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Prevention Using Exercise Rehabilitation to Offset Cardiac Toxicities Induced Via Chemotherapy (HF-PROACTIVE)

The safety and scientific validity of this study is the responsibility of the study sponsor and investigators. Listing a study does not mean it has been evaluated by the U.S. Federal Government. Read our disclaimer for details. Identifier: NCT02796365
Recruitment Status : Completed
First Posted : June 10, 2016
Last Update Posted : December 13, 2018
Helen L. Kay Charitable Trust
Information provided by (Responsible Party):
Dennis J. Kerrigan, Henry Ford Health System

Brief Summary:
The purpose of this study is to identify patients at risk for future heart failure using novel markers of early cardiac damage and determine if exercise training can improve these emerging markers as well as overall fitness and quality of life.

Condition or disease Intervention/treatment Phase
Doxorubicin Induced Cardiomyopathy Breast Cancer Gastric Cancer Leukemia Other: Exercise Not Applicable

Detailed Description:

With more than 14 million cancer survivors in the United States, more patients than ever are living well beyond their initial cancer diagnosis. However despite the tremendous progress, cancer treatments often come with adverse side-effects, perhaps none are more serious or devastating than chemotherapy induced heart failure.

In many patients, the clinical manifestation of heart failure may not appear until a year, or several years, after completion of chemotherapy. While an echocardiogram is part of standardized surveillance for patients on these drugs, current echocardiogram parameters may not be sensitive enough to quickly detect early heart damage which, in some cases, is irreversible.

Unfortunately, even if detected early, there is no uniformity in terms of how to best treat patients with subclinical cardiac dysfunction who are at risk for heart failure. The use of certain blood pressure drugs show promise, especially in patients with hypertension. However, in addition to drug side-effects (e.g. dizziness/lightheadedness), they do not target the underlying mechanism of chemotherapy induced cardiotoxicity.

Exercise, in various forms, has shown promise in animal studies as a potential cardio-protective therapy to counteract drug toxicity. In general, exercise has many pleiotropic effects for patients receiving chemotherapy (e.g. reduces fatigue, improves endurance, reduces frailty, and enhances quality of life). Relative to DOX toxicity, research involving animals has also shown that exercise protects against deleterious heart dysfunction while showing an enhancement of potential mechanisms involved in chemotherapy induced heart failure (i.e. anti-oxidant and anti-apoptosis pathways).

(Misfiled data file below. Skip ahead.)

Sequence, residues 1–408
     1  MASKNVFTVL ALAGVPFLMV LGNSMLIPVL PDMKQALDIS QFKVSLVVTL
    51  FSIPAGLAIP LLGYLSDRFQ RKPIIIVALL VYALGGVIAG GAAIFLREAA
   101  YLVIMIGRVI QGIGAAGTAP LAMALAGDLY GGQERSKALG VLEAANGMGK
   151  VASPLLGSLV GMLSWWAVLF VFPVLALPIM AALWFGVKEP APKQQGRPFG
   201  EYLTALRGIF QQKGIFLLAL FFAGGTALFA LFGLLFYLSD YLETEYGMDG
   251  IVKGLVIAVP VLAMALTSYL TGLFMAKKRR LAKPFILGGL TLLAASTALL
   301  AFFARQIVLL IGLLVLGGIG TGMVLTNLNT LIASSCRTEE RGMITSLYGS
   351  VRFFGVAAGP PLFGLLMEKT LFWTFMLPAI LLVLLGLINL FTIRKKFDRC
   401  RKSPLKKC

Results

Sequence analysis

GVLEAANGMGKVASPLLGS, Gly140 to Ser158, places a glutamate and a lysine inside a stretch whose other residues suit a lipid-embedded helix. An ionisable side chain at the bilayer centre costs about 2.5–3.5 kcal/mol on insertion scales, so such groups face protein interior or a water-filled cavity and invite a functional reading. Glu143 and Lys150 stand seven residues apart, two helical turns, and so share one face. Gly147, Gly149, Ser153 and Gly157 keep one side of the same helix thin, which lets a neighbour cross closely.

Patients with cancer who receive either doxorubicin (DOX) or trastuzumab will be screened by one of two methods: 1) a strain echo or 2) a high sensitivity troponin. If either test is positive, patients will meet with a board-certified cardiologist who will determine if the patient may participate in the exercise trial. Under the supervision of a trained clinical exercise physiologist patients will undergo baseline testing, which includes: a quality of life assessment via questionaires, a body composition test, cardiopulmonary stress test and a muscle strength test. These assessment will be performed at baseline and at 12 weeks. Also performed at 12 weeks will be a repeat strain echo and high sensitivity troponin.

Following baseline testing patients will be randomized into exercise training versus standard care. The exercise training will include 12 weeks of cardiac rehabilitation which can be offered in Detroit, Livonia, or West Bloomfield. Exercise will consist of 3 days per week of an interval training aerobic exercise on a treadmill and/or bike for 30-60 minutes and 1-2 days per week of an individualized resistance training program.

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Study Type : Interventional  (Clinical Trial)
Actual Enrollment : 29 participants
Allocation: Randomized
Intervention Model: Parallel Assignment
Masking: Single (Outcomes Assessor)
Primary Purpose: Prevention
Official Title: Prevention Using Exercise Rehabilitation to Offset Cardiac Toxicities Induced Via Chemotherapy